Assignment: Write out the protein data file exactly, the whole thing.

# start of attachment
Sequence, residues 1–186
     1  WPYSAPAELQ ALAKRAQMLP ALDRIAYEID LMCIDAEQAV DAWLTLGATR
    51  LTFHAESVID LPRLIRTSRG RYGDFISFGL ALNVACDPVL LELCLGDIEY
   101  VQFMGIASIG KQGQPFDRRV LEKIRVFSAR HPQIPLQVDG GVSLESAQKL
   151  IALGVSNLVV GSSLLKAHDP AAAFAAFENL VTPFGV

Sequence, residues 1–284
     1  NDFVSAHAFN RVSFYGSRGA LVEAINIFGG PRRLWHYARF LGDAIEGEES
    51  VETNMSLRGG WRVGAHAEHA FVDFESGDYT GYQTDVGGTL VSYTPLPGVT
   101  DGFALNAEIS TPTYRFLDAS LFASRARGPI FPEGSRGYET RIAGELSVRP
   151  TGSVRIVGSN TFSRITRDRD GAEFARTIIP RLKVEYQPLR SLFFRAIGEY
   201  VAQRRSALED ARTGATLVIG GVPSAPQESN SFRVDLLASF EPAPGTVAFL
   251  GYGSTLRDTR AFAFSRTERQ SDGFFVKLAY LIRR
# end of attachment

Sequence, residues 1–186
     1  WPYSAPAELQ ALAKRAQMLP ALDRIAYEID LMCIDAEQAV DAWLTLGATR
    51  LTFHAESVID LPRLIRTSRG RYGDFISFGL ALNVACDPVL LELCLGDIEY
   101  VQFMGIASIG KQGQPFDRRV LEKIRVFSAR HPQIPLQVDG GVSLESAQKL
   151  IALGVSNLVV GSSLLKAHDP AAAFAAFENL VTPFGV

Sequence, residues 1–284
     1  NDFVSAHAFN RVSFYGSRGA LVEAINIFGG PRRLWHYARF LGDAIEGEES
    51  VETNMSLRGG WRVGAHAEHA FVDFESGDYT GYQTDVGGTL VSYTPLPGVT
   101  DGFALNAEIS TPTYRFLDAS LFASRARGPI FPEGSRGYET RIAGELSVRP
   151  TGSVRIVGSN TFSRITRDRD GAEFARTIIP RLKVEYQPLR SLFFRAIGEY
   201  VAQRRSALED ARTGATLVIG GVPSAPQESN SFRVDLLASF EPAPGTVAFL
   251  GYGSTLRDTR AFAFSRTERQ SDGFFVKLAY LIRR